Most word processors can read and write files in plain text format, allowing them to open files saved from text editors. Saving these files from a word processor, however, requires ensuring the file is written in plain text format, and that any text encoding or BOM settings won't obscure the file for its intended use. Non-WYSIWYG word processors, such as WordStar, are more easily pressed into service as text editors, and in fact were commonly used as such during the 1980s. The default file format of these word processors often resembles a markup language, with the basic format being plain text and visual formatting achieved using non-printing control characters or escape sequences. Later word processors like Microsoft Word store their files in a binary format and are almost never used to edit plain text files.
Some text editors can edit unusually large files such as log files or an entire database placed in a single file. Simpler text editors may just read files into the computer's main memory. With larger files, this may be a slow process, and the entire file may not fit. Some text editors do not let the user start editing until this read-in is complete. Editing performance also often suffers in nonspecialized editors, with the editor taking seconds or even minutes to respond to keystrokes or navigation commands. Specialized editors have optimizations such as only storing the visible portion of large files in memory, improving editing performance.
An important group of programmable editors uses REXX[b] as a scripting language. These \"orthodox editors\" contain a \"command line\" into which commands and macros can be typed and text lines into which line commands[c] and macros can be typed. Most such editors are derivatives of ISPF/PDF EDIT or of XEDIT, IBM's flagship editor for VM/SP through z/VM. Among them are THE, KEDIT, X2, Uni-edit, and SEDIT.
A text editor written or customized for a specific use can determine what the user is editing and assist the user, often by completing programming terms and showing tooltips with relevant documentation. Many text editors for software developers include source code syntax highlighting and automatic indentation to make programs easier to read and write. Programming editors often let the user select the name of an include file, function or variable, then jump to its definition. Some also allow for easy navigation back to the original section of code by storing the initial cursor location or by displaying the requested definition in a popup window or temporary buffer. Some editors implement this ability themselves, but often an auxiliary utility like ctags is used to locate the definitions.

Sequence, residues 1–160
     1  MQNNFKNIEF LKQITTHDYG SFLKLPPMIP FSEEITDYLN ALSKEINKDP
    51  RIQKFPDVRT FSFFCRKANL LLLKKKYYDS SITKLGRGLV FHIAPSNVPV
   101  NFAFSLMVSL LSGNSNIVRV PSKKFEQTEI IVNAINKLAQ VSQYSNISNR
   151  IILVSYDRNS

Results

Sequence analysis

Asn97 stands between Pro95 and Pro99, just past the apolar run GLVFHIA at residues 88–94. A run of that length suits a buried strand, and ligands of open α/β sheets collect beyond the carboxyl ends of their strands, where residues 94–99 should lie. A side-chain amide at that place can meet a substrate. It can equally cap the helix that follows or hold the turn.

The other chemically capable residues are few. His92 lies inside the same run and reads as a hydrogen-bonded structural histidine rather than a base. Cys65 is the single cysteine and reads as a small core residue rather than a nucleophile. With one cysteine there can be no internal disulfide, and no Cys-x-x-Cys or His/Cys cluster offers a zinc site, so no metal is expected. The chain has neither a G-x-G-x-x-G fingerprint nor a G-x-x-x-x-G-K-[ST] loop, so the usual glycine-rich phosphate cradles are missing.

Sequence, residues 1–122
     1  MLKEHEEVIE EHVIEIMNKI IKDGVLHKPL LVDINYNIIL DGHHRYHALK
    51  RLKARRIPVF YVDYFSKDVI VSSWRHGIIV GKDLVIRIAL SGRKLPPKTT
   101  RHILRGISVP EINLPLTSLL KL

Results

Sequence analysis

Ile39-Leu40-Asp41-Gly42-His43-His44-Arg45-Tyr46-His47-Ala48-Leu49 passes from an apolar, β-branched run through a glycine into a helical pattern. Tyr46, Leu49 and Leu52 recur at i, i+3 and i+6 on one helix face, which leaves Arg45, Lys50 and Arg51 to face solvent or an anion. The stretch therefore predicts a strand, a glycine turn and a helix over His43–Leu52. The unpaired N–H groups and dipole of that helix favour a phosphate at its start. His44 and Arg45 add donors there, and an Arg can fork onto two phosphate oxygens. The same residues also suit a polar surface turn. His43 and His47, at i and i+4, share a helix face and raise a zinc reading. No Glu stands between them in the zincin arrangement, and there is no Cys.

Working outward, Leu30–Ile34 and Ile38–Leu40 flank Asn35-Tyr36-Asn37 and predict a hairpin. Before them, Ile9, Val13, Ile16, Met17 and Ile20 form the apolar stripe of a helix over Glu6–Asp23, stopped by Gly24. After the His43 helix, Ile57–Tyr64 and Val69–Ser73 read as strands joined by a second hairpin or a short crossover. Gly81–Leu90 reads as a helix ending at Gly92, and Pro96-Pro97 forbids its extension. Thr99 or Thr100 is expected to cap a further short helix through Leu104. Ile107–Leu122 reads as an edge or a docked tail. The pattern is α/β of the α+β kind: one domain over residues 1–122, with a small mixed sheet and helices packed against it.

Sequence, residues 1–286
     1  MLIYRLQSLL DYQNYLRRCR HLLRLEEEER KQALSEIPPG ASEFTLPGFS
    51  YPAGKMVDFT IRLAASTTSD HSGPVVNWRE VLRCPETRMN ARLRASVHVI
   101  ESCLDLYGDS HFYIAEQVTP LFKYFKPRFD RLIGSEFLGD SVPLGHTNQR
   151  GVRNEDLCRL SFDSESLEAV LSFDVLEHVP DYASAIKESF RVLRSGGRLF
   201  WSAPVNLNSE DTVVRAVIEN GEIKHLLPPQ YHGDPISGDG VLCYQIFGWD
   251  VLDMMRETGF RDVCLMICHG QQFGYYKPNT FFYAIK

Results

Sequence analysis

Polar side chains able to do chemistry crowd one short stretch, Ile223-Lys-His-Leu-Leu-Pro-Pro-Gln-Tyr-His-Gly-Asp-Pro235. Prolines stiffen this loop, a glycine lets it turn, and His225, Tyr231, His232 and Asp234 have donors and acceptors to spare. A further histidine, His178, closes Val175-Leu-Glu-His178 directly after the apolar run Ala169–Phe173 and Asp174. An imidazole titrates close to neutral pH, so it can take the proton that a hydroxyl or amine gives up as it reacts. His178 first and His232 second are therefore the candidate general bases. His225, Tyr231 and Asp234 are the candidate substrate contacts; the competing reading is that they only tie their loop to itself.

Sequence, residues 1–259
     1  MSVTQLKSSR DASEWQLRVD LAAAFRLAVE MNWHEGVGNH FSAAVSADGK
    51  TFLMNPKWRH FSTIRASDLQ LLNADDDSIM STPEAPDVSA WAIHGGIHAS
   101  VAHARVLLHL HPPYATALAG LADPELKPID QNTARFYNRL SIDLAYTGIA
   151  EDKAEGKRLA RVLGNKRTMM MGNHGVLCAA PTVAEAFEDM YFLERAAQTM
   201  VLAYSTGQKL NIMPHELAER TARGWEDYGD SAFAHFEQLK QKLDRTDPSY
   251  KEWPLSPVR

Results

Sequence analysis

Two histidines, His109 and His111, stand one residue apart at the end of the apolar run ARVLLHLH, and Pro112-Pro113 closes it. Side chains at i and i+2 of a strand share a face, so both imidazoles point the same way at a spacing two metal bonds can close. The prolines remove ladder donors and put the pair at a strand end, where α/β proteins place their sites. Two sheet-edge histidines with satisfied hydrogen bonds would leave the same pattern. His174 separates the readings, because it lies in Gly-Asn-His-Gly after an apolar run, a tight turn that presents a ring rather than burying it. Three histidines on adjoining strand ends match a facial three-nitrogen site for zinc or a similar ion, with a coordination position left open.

The Atto text editor (sometimes referred to as the 'HTML editor') has many icons to assist the user in entering content. Many of these icons and functions should be familiar to anyone who uses a word processor.
Text typed into the Atto editor is automatically saved if you leave the page. The default of 60 seconds may be changed by the administrator in Site administration>Plugins>Text editors>Atto HTML editor>Atto toolbar settings. If the user accidentally closes the tab or otherwise leaves the form without submitting, the text in the editor will be restored next time he opens the page. To discard a restored draft, the user needs to cancel the form or press the \"Undo\" button in the editor.
One of the tools available in the text editor is an automated accessibility checker which checks for some common errors in the text. These are usually things in the way the text is constructed that can prevent all users from having equal access to information and functionality. The list of problems that the accessibility checker looks for is:
The following keyboard shortcuts will work in the Atto text editor in most browsers. Note that for many of these commands to work you need to either click in the text editor or select content in the text editor.
The emoticon plugin inserts text representations of the emoticons in the content. The emoticon filter is responsible for converting these text sequences into proper smiley images. The emoticon filter is not enabled by default, which is why the emoticon plugin for Atto is not enabled by default.
While these are very popular plugins, there are downsides to enabling their use on a site. Firstly - user specified colours may conflict visually with the site colours chosen by the theme designer. Even if the colours of the content do not conflict with the colours of the current theme, if the theme is changed in future, or the content is reused on a different site conflicts may be introduced. There are 2 possible types of conflicts, the first is just a visually unappealing combination of colours, the second is a combination of colours that may produce text that is hard to read for some people. It is preferable if the theme designer uses some interesting colours that meet the accessibility standards required for the site in the theme for the site, and the person creating the content simply uses the proper heading levels (for example) to make use of those styles. 59ce067264